RSS
The true story behind Chuck Hagel and 'Friends of Hamas'
An incendiary tale that caught fire in the conservative press is apparently bogus
Chuck Hagel did not receive money from "Friend of Hamas" — indeed, the group seems to have been a joke made up by a New York Daily News reporter.
Chuck Hagel did not receive money from "Friend of Hamas" — indeed, the group seems to have been a joke made up by a New York Daily News reporter. Alex Wong/Getty Images
C

huck Hagel is still waiting for the Senate to vote on his bid to become defense secretary, after a brutal confirmation hearing that saw Republicans attack his alleged connections to "extreme and radical groups." It's perhaps no surprise, then, that a new poll from Pew shows that Hagel's favorability ratings are down, which has prompted a fair amount of jubilation among the anti-Hagel contingent. However, at least one charge against Hagel appears to be totally false, reinforcing Democratic claims that the decorated war hero has been the victim of a rightwing smear campaign.

The conservative press, led by Breitbart.com, circulated rumors that Hagel received funding from a shadowy group called "Friends of Hamas," which would be quite damaging given that the U.S. government considers Hamas a terrorist organization. Reporters have subsequently questioned whether Friends of Hamas even exists, and now Dan Friedman at the New York Daily News reports that he himself was the source for the Friends of Hamas rumor — which was meant to be a joke. Says Friedman:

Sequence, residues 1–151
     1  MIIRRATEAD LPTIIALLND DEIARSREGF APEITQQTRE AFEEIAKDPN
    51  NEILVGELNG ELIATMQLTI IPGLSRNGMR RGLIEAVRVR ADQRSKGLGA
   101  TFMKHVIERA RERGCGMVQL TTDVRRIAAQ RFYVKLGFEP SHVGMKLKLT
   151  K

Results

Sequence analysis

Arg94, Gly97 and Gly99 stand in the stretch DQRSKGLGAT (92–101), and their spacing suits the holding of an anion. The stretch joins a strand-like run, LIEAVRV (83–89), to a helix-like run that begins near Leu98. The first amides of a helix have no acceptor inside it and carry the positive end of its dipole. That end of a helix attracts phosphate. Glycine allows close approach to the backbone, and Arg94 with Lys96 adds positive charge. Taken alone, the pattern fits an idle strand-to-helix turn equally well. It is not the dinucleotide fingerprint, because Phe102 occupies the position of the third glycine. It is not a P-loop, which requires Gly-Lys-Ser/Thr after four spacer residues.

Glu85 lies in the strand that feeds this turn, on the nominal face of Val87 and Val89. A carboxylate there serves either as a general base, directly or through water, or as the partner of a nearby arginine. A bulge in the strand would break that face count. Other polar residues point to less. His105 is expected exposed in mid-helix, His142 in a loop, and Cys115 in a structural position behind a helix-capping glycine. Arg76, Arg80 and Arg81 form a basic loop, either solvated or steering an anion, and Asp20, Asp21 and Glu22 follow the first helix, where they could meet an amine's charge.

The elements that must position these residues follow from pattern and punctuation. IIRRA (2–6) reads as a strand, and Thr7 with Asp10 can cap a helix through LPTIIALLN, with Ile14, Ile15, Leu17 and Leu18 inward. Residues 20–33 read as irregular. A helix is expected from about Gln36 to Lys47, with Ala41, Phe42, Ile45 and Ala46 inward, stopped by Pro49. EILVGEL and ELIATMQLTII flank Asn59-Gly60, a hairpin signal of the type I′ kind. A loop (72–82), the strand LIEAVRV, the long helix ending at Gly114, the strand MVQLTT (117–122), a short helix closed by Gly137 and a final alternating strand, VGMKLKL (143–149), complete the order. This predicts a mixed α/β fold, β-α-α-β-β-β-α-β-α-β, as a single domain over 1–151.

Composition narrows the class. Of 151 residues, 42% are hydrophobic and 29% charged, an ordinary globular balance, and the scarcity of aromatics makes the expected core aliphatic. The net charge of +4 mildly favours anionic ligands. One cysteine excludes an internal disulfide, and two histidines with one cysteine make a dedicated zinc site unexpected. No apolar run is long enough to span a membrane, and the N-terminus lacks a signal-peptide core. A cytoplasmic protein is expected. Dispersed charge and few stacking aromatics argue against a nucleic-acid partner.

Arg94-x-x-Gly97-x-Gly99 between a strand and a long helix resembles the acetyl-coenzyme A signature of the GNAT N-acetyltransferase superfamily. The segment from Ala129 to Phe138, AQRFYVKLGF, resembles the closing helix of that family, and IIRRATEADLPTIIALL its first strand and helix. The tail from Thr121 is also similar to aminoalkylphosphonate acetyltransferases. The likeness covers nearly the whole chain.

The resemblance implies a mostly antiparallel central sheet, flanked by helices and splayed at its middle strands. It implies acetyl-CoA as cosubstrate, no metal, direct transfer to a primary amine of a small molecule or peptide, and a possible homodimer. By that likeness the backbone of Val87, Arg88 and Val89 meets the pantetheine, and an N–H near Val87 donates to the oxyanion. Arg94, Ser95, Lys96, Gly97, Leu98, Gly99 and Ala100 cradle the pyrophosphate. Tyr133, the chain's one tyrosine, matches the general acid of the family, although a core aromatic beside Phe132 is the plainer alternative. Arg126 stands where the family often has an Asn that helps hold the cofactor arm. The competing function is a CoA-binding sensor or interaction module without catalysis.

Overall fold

Here's what happened: When rumors swirled that Hagel received speaking fees from controversial organizations, I attempted to check them out.

On Feb. 6, I called a Republican aide on Capitol Hill with a question: Did Hagel's Senate critics know of controversial groups that he had addressed?

Hagel was in hot water for alleged hostility to Israel. So, I asked my source, had Hagel given a speech to, say, the "Junior League of Hezbollah, in France"? And: What about "Friends of Hamas"?

The names were so over-the-top, so linked to terrorism in the Middle East, that it was clear I was talking hypothetically and hyperbolically. No one could take seriously the idea that organizations with those names existed — let alone that a former senator would speak to them. [Daily News]

Days later, Breitbart ran an anti-Hagel story with the headline: "Secret Hagel donor?: White House spox ducks questions on 'Friends of Hamas.'"

The Friends of Hamas meme wasn't contained to Breitbart. Sen. Rand Paul of Kentucky said he was concerned about the report. So did former Arkansas governor and current Fox News host Mike Huckabee. Rich Lowry at the conservative National Review says his publication treated the rumor "conditionally and with grains of salt," but that appears to be contradicted in this report by Andrew McCarthy:

As John notes, Ben Shapiro has reported at the Breitbart site Big Peace that one of Hagel's funding sources is a group purportedly called "Friends of Hamas." That might make someone a good fit for president of Egypt, prime minister of Turkey, or any number of advisory posts on the White House staff. But given that being a "friend of Hamas" — at least the kind of friend who provides material support to that terrorist organization — is a crime in the United States, it may not be quite what the Senate is looking for in a secretary of defense. [National Review]

Of course, the Friends of Hamas debacle, which allegedly involved a Capitol Hill aide funneling spurious claims to conservative outlets, will only reinforce the liberal perception that many conservative news outlets are little more than a propaganda machine for the Republican Party.

For the record, Breitbart claims that Friedman was not the source for the story, though that obviously doesn't make Friends of Hamas any more real.

EDITORS' PICKS

THE WEEK'S AUDIOPHILE PODCASTS: LISTEN SMARTER

Subscribe to the Week